The Illusionist Reviews
However, looking back on this film, he was a snooze fest! Even the rest of the actors looked like they were mailing in their performances, and after a while, I was getting impatient, wondering when this film will end! Some of the effects were interesting, but not enough to hold this feature up on its feet. If you want a way more fascinating movie in this area, then I strongly suggest you watch Christopher Nolan's The Prestige! This? Well, if you're a major Ed Norton fan, then maybe it's worth a look. If not, than choose the latter.
P.S. Kiva että Teemu Selänne oli saanut roolin kruununprinssinä :D
Ed Norton's awesome. Seriously. Go watch Fight Club, or American History X to see what I'm talking about. He puts in another good performance here.
When watching this movie I couldn't help but compare it to the Prestige. It's a lot less stylish than its magical rival, and a lot less believable; not just in the tricks on show but in the motivations of some characters.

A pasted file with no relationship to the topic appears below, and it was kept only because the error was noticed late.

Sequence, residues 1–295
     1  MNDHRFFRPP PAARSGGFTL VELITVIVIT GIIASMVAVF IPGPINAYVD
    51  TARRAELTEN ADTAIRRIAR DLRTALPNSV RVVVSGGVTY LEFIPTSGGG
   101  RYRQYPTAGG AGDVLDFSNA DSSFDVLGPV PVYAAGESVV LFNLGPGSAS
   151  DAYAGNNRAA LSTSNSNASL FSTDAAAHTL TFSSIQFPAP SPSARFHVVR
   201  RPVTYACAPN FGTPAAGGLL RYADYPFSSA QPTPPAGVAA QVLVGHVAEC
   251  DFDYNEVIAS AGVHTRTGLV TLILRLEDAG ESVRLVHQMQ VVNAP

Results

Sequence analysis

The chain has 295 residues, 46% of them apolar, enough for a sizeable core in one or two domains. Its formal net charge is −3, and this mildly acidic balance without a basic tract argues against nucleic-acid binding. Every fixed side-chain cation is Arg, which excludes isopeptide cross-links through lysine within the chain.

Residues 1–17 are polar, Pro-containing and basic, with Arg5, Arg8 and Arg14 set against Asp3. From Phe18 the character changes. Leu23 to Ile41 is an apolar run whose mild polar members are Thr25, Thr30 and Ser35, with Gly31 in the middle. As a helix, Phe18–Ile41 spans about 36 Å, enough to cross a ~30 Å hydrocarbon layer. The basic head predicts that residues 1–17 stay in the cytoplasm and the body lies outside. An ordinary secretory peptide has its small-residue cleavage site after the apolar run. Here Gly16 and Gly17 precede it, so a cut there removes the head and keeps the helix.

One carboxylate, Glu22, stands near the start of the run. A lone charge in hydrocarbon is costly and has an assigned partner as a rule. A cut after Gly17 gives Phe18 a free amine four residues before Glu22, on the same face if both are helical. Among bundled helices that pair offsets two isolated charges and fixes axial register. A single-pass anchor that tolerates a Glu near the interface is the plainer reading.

In The Prestige, there is genuine desperation on show; both magicians are devoting their lives to discovering how each others' tricks are achieved. In this, Paul Giamatti's investigator is the one assigned to uncover Eisenheim's secrets, but you can't tell he reeally wants to know, and the fact that the magic tricks are more preposterous than those seen in The Prestige, makes you wonder if it's even worth investigating.
The aim of the illusion is to make us believe something that shouldn't necessarily be believed. This film is an illusion in itself, crafting a mystery that we're not entirely aware is there in the first place. We get swerved, big style. It's not a shocking swerve by any means, but is a testament to the film and its themes.
The film is by no means a complete success but for the majority of it, say two thirds, it is a compelling tale. Eisenheim discovers that great power comes with a target on your back. The Prince discovers that with great power comes the vulnerability of theft. What follows is a battle for Jessica Biel, and we see how each man exercises their power, and who one ups the other. Frankly, if it's a battle for Jessica Biel, I'll quite gladly join in. I don't have a power, but I can probably muster up a DDT or two...
HERE BEGINNETH THE SPOILER:
There is one thing I didn't quite understand though...to anyone who has seen it:
Biel's character isn't actually dead, but Eisenheim lets everyone believe she was murdered, forcing the Prince (the accused) to shoot himself. Bit too far? Did Norton's character really need to let it lead to a suicide? This part kinda confuses me but if it is how I see it, then Eisenheim and his motivations suddenly seem a lot more sadistic.